Fighting Fire with Friends

Sept. 7, 2012

Pacific senior David Yecha has been fighting wildfires each summer since he was 16. It's not always fun, but it gives him a chance to do good—and that's what the pre-med chemistry major is all about.

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Sometimes, you can like a job without really liking it, said David Yecha.

The Pacific University senior has spent the last six summers fighting wildland fires in Oregon and elsewhere.

It’s not always the dream job.

“I don’t enjoy firefighting because of the work,” he said. “It’s hard. You’re breathing smoke. You’re dirty. It’s not fun.”

But, for him, the work has a unique perk: “The fun is in building relationships and getting to know people in a way you don’t usually see people. You’re literally fighting in the trenches with each other.”

Yecha started fighting wildland fires the summer he was 16. He heard about the opportunity through a substitute at his Roseberg, Ore., high school and signed on for a youth crew with the Douglas Forest Protection Association, a group that works fire prevention, suppression and cleanup on private timber land in southern Oregon.

His parents, he admitted, were a little nervous, but they trusted the organization and David to be safe.

On the youth crew, he said, there wasn’t much actual firefighting.

“You see a little open flame, but mostly it’s mop up, road clearing and building pump chances,” Yecha said. (Pump chances, he explained, are little dams in creeks that allow engines to fill up quickly when fighting a blaze.)

The next two years were on an adult hand crew, doing much of the same work. They’d go into thickly forested areas and thin trees to create potential fire breaks at roadsides. They’d construct hand lines or lay hose during active fires. And, after a fire was contained, they’d do the “mop up,” putting out hotspots where trees or logs still smoldered.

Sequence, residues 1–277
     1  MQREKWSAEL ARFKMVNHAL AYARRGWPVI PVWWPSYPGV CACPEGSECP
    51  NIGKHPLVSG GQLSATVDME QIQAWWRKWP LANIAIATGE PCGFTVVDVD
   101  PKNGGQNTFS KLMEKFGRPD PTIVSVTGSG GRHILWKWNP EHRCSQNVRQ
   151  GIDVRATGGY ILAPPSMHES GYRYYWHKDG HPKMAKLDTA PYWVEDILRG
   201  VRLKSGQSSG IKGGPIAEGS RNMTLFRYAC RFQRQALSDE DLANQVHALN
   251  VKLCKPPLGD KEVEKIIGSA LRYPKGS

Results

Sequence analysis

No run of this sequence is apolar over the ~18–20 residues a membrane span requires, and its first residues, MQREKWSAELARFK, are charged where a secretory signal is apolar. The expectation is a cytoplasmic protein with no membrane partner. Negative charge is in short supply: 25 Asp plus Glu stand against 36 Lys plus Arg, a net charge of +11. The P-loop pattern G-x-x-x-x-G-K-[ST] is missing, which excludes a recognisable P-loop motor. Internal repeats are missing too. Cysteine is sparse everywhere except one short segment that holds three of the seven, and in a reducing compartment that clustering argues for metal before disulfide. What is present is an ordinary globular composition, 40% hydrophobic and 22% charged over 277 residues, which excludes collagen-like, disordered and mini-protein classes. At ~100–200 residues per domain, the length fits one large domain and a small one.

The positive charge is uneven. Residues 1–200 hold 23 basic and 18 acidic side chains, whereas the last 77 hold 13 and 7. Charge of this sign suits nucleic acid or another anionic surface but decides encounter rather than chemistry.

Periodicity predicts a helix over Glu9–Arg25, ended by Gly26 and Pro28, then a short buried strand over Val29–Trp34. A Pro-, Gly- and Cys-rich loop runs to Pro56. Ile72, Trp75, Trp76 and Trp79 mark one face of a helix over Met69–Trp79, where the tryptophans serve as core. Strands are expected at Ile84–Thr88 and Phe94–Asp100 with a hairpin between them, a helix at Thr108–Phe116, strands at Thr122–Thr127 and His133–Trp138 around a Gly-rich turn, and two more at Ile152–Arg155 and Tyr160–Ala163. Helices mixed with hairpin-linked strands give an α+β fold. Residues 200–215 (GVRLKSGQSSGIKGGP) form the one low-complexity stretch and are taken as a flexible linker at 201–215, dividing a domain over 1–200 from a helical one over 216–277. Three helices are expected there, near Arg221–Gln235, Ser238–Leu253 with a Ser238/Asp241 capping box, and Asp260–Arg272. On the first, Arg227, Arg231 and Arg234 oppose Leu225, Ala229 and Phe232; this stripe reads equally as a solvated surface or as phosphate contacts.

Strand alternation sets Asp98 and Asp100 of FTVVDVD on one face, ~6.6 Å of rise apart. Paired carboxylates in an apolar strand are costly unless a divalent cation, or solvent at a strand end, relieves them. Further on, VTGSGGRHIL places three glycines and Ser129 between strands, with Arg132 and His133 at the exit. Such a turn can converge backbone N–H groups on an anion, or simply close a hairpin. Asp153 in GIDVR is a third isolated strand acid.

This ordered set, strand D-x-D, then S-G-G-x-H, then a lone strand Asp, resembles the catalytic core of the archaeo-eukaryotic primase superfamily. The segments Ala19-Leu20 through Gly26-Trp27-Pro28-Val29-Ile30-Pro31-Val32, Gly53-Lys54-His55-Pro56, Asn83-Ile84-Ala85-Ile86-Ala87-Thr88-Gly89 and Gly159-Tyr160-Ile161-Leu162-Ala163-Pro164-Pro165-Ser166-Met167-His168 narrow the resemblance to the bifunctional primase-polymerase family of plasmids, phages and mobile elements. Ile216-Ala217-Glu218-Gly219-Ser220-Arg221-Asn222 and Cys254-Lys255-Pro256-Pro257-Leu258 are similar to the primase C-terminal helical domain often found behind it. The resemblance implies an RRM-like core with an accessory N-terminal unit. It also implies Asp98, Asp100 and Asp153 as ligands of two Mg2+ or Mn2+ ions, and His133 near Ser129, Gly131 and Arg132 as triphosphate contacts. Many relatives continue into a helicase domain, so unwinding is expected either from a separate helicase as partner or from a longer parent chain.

He spent one more year on an engine crew with DFPA, then this summer, he worked with a Bureau of Land Management engine crew based in Prineville. He also spent a couple weeks fighting large fires in Wyoming in July.

“The fun part is getting the fire out. If you show up and it’s still going, getting it out, that’s fun,” Yecha said. “But the majority of the time, you don’t get to put the fire out. You have to clean up afterwards.”

That’s OK, Yecha said. He’s not in it for the adrenaline rush.

“The largest thing I’ve taken away is the camaraderie with people. Sometimes you’re out 14 to 15 hours a day for a week or two. You see them more than your family, and you generally form strong friendships,” he said.

“You also learn how important teamwork is. There are going to be certain days when…you aren’t your best, you need somebody to watch out for you and pick up the slack.

“There are few times you can do much on your own.”

Plus, he gets to feel that he’s making a difference. And that, more than anything, is what Yecha is about.

His parents, he explained, were told they wouldn’t have children. For his last two weeks in utero, doctors said he didn’t receive any nutrients.

“I wasn’t supposed to make it,” he said.

All his life, that fact has made him consider his purpose in the world and what he can do to make a difference.

He came to Pacific with an interest in wrestling, in health professions and in engineering. Ultimately, he chose a major in chemistry, and he currently is applying to medical school.

“(There’s a quote): ‘Don’t ask what the world needs; ask what makes you come alive and do it.’ I feel most alive when I’m helping people.

“I think being a physician is the way I could consistently help people the most,” he said. “There’s something special about looking someone in the eye and knowing you can help. The ability to come through for a person in their time of need, there’s something worthwhile in that.”

In the meantime, he’ll continue fulfilling his desire to serve by helping other students with homework (this is his third year as a teaching assistant at Pacific), lending a listening ear, bandaging those who need it and, yes, firefighting.

“I’m trying to find a job as an EMT, but few organizations are hiring,” Yecha said. “Until I find a job where I feel I can make as much of a difference, I will continue firefighting.”